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A Hidden Source of Labor Extraction in Prisons
A Hidden Source of Labor Extraction in Prisons

A Hidden Source of Labor Extraction in Prisons

Formal and informal associations in prisons are vital providers of food, financial support, physical security, education, news, legal representation, and more. The volume and scope of associations in prisons lay bare the diversity and extremity of needs that the state fails to meet, while also suggesting shortcomings with a patchwork approach by civil society for providing for critical public needs.

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How Environmental Law Created a World Awash in Toxic Chemicals

Of the estimated 350,000 chemicals now on the global market, only a handful have been properly tested. And as the looming crises with forever chemicals and micro-plastics make clear, we are only just beginning to grasp the enormous toll that these novel entities are taking on human health. How did our environmental law allow this to happen? And what can be done to correct it?

Seeing the University More Clearly

Crisis can be clarifying. Recent events on campuses across the country have forced many of us to look more closely at how our own universities work, including at the decades-long drift toward more powerful university presidents. Reversing this drift, and developing a more democratic model of internal governance, may be a prerequisite not only for rebuilding intellectual community but also for avoiding future campus conflagrations.

Imperialism’s Shell Game

While every possible form of pressure should be brought to bear on the Biden administration to cut off the flow of arms to Israel, the prevailing law and policy debate tends to obscure some key aspects of how U.S. imperialism actually works. For the United States does not simply ship arms abroad, it is also the world’s leading arms trafficker, wielding enormous power over how weapons made by other countries circulate throughout the world as an immense collection of commodities.

On Garrison, Douglass, and American Colonialism

In aiming to unsettle the dominant constitutional faith to forge a wholly different constitutional future, The Constitutional Bind sets its sights breathtakingly high. Whether the book reaches those heights will likely turn on whether it offers a viable path from our creedal constitutional present to such a utopian future.

Constitutional Politics and Dilemmas on the Left

Aziz Rana aims to free us from Constitution worship. An abiding faith in “redemptive” constitutionalism, his new book argues, has long held back liberals, progressives, and even the Left from seriously promoting major change in our structures of government. Yet key left figures and movements have always made canny use of redemptive constitutional narratives and arguments. Rejecting that tradition leaves far too much on the table.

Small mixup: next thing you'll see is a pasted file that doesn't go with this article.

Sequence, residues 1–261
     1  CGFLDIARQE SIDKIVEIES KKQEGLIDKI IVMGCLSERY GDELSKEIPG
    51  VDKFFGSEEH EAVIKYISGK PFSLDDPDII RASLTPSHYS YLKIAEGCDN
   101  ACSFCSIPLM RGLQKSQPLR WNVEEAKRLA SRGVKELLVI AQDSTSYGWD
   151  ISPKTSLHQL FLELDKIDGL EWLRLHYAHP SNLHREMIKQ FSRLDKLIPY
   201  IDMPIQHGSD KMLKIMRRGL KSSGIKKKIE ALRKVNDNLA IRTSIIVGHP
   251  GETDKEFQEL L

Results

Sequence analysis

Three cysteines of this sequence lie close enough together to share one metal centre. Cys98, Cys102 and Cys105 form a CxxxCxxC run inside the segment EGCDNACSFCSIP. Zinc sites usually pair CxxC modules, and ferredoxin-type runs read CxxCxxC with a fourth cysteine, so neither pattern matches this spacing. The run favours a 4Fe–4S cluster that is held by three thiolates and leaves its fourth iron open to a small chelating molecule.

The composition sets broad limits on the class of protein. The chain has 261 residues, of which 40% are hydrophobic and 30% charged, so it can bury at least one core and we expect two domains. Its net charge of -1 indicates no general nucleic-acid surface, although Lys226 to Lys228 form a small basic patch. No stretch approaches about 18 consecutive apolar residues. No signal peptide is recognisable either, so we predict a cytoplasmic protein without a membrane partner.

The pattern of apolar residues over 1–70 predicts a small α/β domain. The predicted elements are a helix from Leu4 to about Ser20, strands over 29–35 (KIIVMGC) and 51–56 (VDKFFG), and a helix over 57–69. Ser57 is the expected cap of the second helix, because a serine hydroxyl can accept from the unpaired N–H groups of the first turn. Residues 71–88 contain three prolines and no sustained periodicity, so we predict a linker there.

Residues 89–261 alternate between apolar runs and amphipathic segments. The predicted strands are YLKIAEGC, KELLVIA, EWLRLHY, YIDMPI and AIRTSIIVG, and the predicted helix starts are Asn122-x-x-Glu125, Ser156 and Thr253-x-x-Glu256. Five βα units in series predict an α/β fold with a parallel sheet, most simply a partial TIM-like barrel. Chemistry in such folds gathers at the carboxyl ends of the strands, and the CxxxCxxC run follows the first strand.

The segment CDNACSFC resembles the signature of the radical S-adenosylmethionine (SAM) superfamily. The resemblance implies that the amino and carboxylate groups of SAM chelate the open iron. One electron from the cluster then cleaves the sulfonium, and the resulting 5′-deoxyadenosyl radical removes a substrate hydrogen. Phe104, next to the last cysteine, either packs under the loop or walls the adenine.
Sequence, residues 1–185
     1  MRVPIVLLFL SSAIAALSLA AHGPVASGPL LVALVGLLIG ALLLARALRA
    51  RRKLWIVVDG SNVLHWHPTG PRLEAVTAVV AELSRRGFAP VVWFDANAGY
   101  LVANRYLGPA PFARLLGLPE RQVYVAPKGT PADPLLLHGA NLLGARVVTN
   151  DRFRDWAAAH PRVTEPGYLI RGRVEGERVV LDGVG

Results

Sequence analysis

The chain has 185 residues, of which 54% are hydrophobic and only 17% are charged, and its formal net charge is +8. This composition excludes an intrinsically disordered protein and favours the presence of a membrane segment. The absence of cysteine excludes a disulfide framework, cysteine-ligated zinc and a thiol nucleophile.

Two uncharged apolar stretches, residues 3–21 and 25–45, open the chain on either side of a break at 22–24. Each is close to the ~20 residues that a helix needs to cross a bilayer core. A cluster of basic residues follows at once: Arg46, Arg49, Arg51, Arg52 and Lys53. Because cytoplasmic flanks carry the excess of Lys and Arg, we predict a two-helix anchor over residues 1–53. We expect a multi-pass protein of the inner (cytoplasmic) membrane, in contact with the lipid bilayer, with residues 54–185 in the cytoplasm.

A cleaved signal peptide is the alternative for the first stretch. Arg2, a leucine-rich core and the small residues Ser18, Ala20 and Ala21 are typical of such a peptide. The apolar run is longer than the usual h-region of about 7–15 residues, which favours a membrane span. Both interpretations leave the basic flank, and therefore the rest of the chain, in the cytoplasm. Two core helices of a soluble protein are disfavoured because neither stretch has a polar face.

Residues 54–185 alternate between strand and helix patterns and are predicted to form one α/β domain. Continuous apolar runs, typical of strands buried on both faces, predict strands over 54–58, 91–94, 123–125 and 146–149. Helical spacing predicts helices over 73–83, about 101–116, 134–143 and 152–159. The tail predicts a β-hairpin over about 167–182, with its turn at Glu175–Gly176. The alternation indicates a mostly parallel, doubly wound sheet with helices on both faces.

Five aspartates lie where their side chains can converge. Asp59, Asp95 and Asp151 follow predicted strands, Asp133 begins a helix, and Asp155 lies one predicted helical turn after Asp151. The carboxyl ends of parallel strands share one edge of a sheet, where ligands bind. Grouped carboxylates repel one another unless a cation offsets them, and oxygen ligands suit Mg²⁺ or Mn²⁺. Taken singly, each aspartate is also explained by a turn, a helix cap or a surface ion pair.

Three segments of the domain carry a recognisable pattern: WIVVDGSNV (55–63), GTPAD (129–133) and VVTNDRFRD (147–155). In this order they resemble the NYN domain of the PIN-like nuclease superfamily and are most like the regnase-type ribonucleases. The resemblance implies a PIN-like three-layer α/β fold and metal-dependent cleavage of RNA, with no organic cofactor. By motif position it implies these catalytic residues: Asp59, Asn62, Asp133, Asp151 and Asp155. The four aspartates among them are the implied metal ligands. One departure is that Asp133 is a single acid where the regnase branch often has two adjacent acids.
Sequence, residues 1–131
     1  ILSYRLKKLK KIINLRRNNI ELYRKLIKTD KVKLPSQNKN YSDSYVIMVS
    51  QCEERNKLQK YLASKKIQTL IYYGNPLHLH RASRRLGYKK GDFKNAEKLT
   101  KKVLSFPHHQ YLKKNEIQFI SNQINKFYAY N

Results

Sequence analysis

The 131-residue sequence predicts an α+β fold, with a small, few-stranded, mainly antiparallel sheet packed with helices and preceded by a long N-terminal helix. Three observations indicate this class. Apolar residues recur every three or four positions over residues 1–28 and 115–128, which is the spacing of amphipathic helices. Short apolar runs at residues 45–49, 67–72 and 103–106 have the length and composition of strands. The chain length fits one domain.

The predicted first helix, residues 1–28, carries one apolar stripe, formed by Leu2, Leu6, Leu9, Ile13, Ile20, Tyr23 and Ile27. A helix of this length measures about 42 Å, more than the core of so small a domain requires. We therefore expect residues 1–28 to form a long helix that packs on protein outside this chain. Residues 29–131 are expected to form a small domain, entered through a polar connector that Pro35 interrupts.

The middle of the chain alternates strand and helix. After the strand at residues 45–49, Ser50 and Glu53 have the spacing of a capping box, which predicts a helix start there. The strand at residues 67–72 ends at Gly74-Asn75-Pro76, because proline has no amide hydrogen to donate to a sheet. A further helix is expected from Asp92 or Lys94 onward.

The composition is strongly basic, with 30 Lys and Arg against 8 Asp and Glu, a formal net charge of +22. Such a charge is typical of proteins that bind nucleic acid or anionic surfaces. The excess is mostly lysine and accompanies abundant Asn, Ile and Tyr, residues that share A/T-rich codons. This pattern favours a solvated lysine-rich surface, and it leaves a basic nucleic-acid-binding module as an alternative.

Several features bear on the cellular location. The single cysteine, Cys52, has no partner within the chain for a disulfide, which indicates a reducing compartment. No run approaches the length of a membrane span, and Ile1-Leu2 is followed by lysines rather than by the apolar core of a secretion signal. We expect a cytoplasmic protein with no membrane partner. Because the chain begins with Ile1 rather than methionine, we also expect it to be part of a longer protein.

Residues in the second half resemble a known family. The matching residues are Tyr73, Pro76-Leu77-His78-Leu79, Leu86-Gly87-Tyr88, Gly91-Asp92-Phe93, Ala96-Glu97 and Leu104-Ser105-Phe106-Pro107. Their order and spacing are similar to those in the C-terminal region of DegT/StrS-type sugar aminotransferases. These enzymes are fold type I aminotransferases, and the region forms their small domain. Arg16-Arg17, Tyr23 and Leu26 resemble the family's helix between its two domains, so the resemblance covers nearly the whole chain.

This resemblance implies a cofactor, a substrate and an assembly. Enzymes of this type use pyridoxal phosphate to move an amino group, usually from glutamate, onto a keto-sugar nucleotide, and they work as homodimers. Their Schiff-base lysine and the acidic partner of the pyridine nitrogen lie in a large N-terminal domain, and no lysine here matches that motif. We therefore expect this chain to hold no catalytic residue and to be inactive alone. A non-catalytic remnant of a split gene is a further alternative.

The Colleges are Alright

Despite the outsized attention they receive, “Ivy Plus” schools are ultimately a footnote in the larger story of higher education. The American system, while stratified, developed in such a way that stratification does not forestall opportunity. To understand this situation, we need to look back at a (failed) crusade to restrict access to college.

Weekly Roundup: June 7

Maryam Jamshidi on the securitization of the university, and Sarena Martinez on the quasi-sovereign power of insurers. Plus, a handful of must-attend LSA panels and events (including our happy hour!), a new report by Sabeel Rahman on State Capacity, Tim Wu and Lev Menand on the FTC’s non-compete ban, the first LPE NYC happy hour of the summer, an. . .

Facing the Quasi-Sovereignty of Insurers

Insurers are quasi-sovereign actors that can determine the price and terms of economic inclusion. State insurance commissioners have little leverage over insurers that threaten to withdraw coverage when faced with unfavorable regulations. The story of Prop 103 in California suggests that popular mobilization might serve as a counterweight to insurers’ power.. . .

Securitizing the University

At both the state and federal level, there are legislative efforts underway to depict students, faculty, and the university itself as potential enemies of the U.S. national security state that must be disciplined and controlled. If enacted, these laws will upend how universities function, who they welcome, and how they teach their students.

Weekly Roundup: May 31

William Boyd on our broken system of toxics regulation, and Zac Taylor on the limits of property insurance in Florida. Plus, a new paper by Sanjukta Paul on labor law and the firm, an interview with Mehrsa Baradaran about her new book, a policy report by Suzanne Kahn on investing in the care economy, and a review of Aziz Rana’s The Constitutional Bind. . .